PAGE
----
The conflict in Lebanon ended a year ago this week. Robert Fisk reflects on the human misery and destruction inflicted on the country - and on how lucky he is to be alive after more than 30 years of reporting from some of the most dangerous places in the world.
I don't think war is addictive - for some, perhaps, but not for me. I was asked about this by a journalist in Beirut the other day and I responded in my usual, tired way. War is about history. Anyone who finds conflict addictive is sick. Yes, I agree with Winston Churchill who once said that there is nothing so satisfying as to be shot at without effect. A good dinner after a bad day is much to be enjoyed. But I hate wars.
I was thinking this over as I pawed through Double Blind, from which these photographs are taken. Its terrible, rage-filled, blood-spattered pages are an awful memory to me of last year's war in Lebanon. It began on my birthday - my 60th birthday - when a dear friend called me up and told me what a terrible birthday I was going to have and I asked why and she told me that two Israeli soldiers had been captured by the Hezbollah in southern Lebanon and I asked Abed, my driver, to head south, because I knew that the Israelis would bomb across Lebanon. And I was right.
But sitting on my balcony, looking at these dreadful, brilliant pictures today, I am reminded of a journey back from Europe not many months after that war. I had been
launching the French and Dutch editions of my book on the Middle East and had spent many hours in the boulevards of Paris and along the canals of Amsterdam. I had watched young couples - happy, safe - secure in so far as anyone can be in George Bush's crazed world - walking with their children and laughing, and asked myself if I could have lived a happier life.
Selfish, of course, to reflect on such thoughts when the pages in front of me spoke of such pain. Pain - and I do not use this word lightly - has a special integrity, not to be denied. But selfish, I fear we all are. And I did ask myself whether I should have spent the past 31 years of my life cataloguing this awfulness. True, it was Alfred Hitchcock's wonderful, funny movie Foreign Correspondent that persuaded me to go into journalism. But did it have to be like this? Not long ago, another dear friend wrote of me that I was "witty" (she also wrote that I was twice her age, which was a bit of a killer) - but I'm not sure that's always true. You can't wind the movie back when you are 61 years old. Wars do not un-do themselves. Your experiences remain with you, and I fear I have developed a dark, sometimes sinister view of the world.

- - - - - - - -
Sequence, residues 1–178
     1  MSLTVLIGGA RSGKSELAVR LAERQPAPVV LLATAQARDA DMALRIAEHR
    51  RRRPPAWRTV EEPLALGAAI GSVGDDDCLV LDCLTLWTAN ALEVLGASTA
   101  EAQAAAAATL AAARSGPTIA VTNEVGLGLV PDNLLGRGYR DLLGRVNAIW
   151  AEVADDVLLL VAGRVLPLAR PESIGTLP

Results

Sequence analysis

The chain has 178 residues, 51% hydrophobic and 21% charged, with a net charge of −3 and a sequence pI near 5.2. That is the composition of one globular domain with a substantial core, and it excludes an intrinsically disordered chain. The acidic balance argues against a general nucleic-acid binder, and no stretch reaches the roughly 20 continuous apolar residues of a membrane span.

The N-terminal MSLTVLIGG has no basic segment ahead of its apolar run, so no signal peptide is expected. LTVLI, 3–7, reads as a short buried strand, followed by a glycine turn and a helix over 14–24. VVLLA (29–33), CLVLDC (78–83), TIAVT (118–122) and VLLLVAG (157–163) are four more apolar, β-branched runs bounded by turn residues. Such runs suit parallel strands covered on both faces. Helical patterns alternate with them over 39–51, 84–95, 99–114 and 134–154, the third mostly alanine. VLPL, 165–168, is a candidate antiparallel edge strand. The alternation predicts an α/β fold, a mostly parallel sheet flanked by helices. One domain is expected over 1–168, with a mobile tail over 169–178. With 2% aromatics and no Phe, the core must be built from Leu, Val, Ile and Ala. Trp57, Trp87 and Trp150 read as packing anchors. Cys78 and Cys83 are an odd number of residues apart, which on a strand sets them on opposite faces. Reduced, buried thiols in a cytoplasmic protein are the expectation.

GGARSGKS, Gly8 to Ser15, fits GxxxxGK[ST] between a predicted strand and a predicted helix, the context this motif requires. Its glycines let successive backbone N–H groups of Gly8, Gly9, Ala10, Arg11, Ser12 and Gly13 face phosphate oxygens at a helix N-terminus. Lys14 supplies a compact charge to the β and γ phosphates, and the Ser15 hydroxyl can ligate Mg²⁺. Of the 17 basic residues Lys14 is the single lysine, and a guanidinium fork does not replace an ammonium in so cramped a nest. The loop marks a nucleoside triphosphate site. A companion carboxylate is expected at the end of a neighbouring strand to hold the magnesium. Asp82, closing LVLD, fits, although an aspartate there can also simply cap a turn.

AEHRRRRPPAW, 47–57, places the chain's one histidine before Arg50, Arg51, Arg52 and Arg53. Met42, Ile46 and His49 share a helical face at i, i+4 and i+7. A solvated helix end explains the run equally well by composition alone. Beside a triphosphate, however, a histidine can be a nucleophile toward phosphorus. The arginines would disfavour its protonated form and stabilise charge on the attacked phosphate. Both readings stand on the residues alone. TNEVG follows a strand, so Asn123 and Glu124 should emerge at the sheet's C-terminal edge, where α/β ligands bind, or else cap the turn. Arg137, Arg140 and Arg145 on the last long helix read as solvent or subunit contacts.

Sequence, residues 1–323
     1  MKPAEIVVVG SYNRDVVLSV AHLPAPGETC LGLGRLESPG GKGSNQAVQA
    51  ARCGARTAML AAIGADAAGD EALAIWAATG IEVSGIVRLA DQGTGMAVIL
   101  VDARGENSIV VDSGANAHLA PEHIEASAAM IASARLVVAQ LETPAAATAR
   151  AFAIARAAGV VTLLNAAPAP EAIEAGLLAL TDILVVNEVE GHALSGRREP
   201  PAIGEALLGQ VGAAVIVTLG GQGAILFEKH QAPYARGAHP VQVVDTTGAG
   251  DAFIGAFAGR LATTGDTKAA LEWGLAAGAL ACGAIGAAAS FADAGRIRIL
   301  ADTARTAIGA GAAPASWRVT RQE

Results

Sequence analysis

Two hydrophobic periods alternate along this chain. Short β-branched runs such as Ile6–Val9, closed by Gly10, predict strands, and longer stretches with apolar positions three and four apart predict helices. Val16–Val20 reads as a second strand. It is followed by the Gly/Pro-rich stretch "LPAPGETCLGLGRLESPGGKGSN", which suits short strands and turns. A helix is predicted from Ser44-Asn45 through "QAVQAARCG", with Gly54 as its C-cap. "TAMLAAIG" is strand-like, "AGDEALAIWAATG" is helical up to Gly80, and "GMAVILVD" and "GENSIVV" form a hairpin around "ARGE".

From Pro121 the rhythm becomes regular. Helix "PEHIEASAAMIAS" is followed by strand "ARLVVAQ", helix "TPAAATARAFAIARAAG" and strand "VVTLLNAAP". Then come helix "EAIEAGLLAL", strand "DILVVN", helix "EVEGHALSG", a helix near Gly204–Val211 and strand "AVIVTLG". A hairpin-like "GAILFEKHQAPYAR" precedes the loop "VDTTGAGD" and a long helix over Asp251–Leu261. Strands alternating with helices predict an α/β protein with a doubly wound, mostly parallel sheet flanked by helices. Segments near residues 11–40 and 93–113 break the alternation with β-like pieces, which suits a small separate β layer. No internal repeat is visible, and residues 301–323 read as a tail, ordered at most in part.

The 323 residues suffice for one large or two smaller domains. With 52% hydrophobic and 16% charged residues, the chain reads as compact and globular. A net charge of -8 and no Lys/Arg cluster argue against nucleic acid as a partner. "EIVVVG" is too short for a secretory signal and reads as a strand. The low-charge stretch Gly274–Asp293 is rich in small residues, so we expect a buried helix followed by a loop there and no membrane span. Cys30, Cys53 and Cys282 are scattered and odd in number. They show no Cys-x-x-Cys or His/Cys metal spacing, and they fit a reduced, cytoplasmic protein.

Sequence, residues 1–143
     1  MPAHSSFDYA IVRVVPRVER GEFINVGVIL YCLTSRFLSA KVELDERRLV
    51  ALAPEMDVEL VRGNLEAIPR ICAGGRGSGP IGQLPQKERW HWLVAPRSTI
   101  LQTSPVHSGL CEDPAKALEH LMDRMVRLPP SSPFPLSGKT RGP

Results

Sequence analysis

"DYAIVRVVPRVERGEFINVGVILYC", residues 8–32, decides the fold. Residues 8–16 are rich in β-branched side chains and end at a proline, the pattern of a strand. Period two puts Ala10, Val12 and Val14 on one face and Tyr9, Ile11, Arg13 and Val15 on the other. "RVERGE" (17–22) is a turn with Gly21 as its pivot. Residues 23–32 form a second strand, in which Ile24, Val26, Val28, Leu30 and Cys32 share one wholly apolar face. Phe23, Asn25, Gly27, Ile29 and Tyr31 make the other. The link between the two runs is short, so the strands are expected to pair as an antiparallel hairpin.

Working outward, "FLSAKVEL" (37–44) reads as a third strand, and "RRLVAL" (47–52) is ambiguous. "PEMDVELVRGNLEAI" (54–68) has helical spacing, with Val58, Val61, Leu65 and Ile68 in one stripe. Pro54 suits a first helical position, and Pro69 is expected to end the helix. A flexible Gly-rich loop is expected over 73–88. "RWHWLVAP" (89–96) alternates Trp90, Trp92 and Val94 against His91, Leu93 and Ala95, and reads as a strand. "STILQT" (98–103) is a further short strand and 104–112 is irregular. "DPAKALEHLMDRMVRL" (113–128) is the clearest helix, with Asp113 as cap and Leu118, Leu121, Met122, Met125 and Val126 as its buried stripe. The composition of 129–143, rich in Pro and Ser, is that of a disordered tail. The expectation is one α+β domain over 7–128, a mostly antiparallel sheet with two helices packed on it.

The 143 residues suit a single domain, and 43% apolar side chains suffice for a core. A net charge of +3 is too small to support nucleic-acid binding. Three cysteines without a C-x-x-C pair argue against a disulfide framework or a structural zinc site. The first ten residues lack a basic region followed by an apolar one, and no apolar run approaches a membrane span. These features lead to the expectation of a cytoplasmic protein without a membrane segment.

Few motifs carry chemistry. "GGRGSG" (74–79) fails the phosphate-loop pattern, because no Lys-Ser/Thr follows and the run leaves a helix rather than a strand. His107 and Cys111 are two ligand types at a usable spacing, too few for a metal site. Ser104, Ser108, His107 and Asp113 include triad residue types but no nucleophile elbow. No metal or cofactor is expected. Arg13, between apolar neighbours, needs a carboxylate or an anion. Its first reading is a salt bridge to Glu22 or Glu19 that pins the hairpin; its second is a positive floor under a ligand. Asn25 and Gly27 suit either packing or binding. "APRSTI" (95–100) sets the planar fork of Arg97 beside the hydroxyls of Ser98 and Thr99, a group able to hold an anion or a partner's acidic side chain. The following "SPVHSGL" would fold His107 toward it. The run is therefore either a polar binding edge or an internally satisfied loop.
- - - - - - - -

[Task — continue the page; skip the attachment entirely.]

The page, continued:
When I first arrived in Lebanon, in 1976, I believed in life. Heroes don't die. Like Humphrey Haverstock - the hero of Foreign Correspondent - I was safe (a hero, of course!), happy in my romantic job, untouched by tragedy. I had friends who had died - human beings every bit as much as those who feature in these pictures - but somehow they died in theatrical terms; they were characters who were switched off, deleted from my contacts book. "Died, 1976," I would write. There was a girl, once, whom I cared about and who died in Beirut and whom I forgot because I couldn't stand the thought of remembering her. And I carried on, jumping on Middle East Airlines jets to Dubai or Paris or Amman, for Iran-Iraq wars or for dinner with friends or with the Plucky Little King (King Hussain, no less) and I would return to bombed-out Beirut, to the smell of burning garbage tips, which was somehow more real than the order and security of France or Britain or anywhere else in Europe.
In the end, I think I did understand something about the Middle East, about its terrible tragedy, about our betrayal of its people. I've been welcomed into homes full of bereavement, treated with immense kindness and respect by men and women whose husbands, sons, daughters, wives, lovers, have been torn to pieces by munitions made in America and Britain and in France and Russia. God knows why they were so kind to me. When I was badly beaten on the Afghan border in 2001, I wrote that had I been an Afghan I would have done the same to Robert Fisk. Those who were trying to kill me had just lost their loved ones under an American air attack - a fact that those who chose to condemn me for my words always omitted to mention - yet I have lived an almost charmed life.
Today, I sit on my balcony overlooking the Mediterranean and riffle through the pages of Double Blind and I thank whatever God controls our lives that I have not died and I think of the good, loyal friends who have protected me and cared for me and I feel a most fortunate man. Few can say that.
Robert Fisk, The Independent's award-winning Middle East correspondent, regrets that he cannot accept e-mails but letters may be sent c/o Foreign Desk, 191 Marsh Wall, London E14 9RS
© 2007 The Independent/UK